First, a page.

Brad Climpson is a marine biologist who spent the last 20 years living on the edge of Australia's Great Barrier Reef. His passion for the underwater realm has taken him to Fiji, Indonesia, Bermuda, and the Maldives. Here, Brad shares his enthusiasm for one of his favorite marine mammals: humpback whales.
Humpback whales are a special breed, one of those rare marine mammal species that are able to draw people into their world; so much so, that many people often make the effort to travel to remote areas where they can find humpbacks readily, in the hopes of interacting with these massive leviathans.
The Tongan Tribe is a group of humpback whales who summer in Tonga, and are members of the broader Oceania group. It is believed that their numbers were in excess of 10,000 individuals before whaling—and were reduced to as little as 250 by 1966. The King of Tonga banned the traditional hunting of whales in 1978, when he realized the population was in danger of not surviving. The population of humpbacks has increased ever since, and today, the only interaction between humans and whales in the Kingdom of Tonga is a very peaceful form of ecotourism.
On Zegrahm’s upcoming Samoa & Tonga: Swimming with Humpbacks expedition, we plan to bring you up close to this special group of humpbacks. They migrate and reside in the South Pacific between June and October each year for the females to give birth, while the males and juveniles get to avoid the extreme cold of the Antarctic waters. Our hope is to interact with a variety of whales while snorkeling, and the chances are near certain that we’ll hear the beautiful song of male humpback whales. There are many theories on the origins of the song; some say it’s used to impress potential females for courting and mating. Whatever the reason, it is truly a remarkable experience to hear this beautiful vocalization.
On many occasions, I have been out of the water marveling at the acrobatic ability of these animals. To see a 30-plus ton whale launch itself out of the water while breaching is almost incomprehensible. Much like the singing, the purpose of their playfulness—including spy hopping (when whales pop up out of the water, vertically, and raise their heads to look around), and tail lobbing (when their tail comes out of the water and slaps down on the surface repeatedly)—is not fully understood. Regardless, all are stunning entertainment for those lucky enough to witness it.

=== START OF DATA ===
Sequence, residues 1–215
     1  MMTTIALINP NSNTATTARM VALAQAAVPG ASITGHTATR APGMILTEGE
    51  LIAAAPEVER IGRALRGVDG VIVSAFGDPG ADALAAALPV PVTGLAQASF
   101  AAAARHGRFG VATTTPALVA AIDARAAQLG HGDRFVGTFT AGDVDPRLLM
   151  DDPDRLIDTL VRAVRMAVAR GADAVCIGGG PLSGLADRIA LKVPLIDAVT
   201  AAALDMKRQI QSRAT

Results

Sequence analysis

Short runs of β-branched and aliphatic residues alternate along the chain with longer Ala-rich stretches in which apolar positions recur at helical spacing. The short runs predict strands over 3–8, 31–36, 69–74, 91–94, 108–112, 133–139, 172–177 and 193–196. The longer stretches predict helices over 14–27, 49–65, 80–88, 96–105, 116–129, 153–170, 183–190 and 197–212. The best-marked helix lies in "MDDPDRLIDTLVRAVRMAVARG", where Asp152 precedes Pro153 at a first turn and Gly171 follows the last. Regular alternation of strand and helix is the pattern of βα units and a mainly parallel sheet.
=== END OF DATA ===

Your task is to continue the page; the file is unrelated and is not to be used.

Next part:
To be in the water, however, alongside one or more humpback whales is to be in a completely different league. On our trip, we will be lucky enough to be in our own private boat with local Tongan guides, who have been interacting with their regional whales for many years. Their understanding of the movements of these humpbacks is second to none; when we find potential ‘swimming friends,’ they will brief us on how to make the most of our encounter, while respecting the whales and their space. We will have the chance to see calves playing around their resting mothers, interactions between adult whales of both sexes, and maybe even groups participating in a heat run. A heat run is when a male is escorting a potential female mate and is challenged by another male, who is often followed by even more male humpbacks. The males chase the escort male, and challenge it for dominance hoping to take its place as lead escort.
Zegrahm’s trip to the Kingdom of Tonga, as well as American Samoa, Samoa, and Fiji, is a not-to-be-missed expedition! The opportunity to spend time in the water alongside one of the most impressive cetaceans in our ocean is reason enough to make the journey, but there’s so much more—cultural experiences, walks through beautiful national parks, and, another of my favorite activities, snorkeling along coral reefs among myriad beautiful fish. There is truly something for everyone on this trip; our special encounters with the smallest and least understood population of humpback whales, the Tongan Tribe, is the icing on the cake.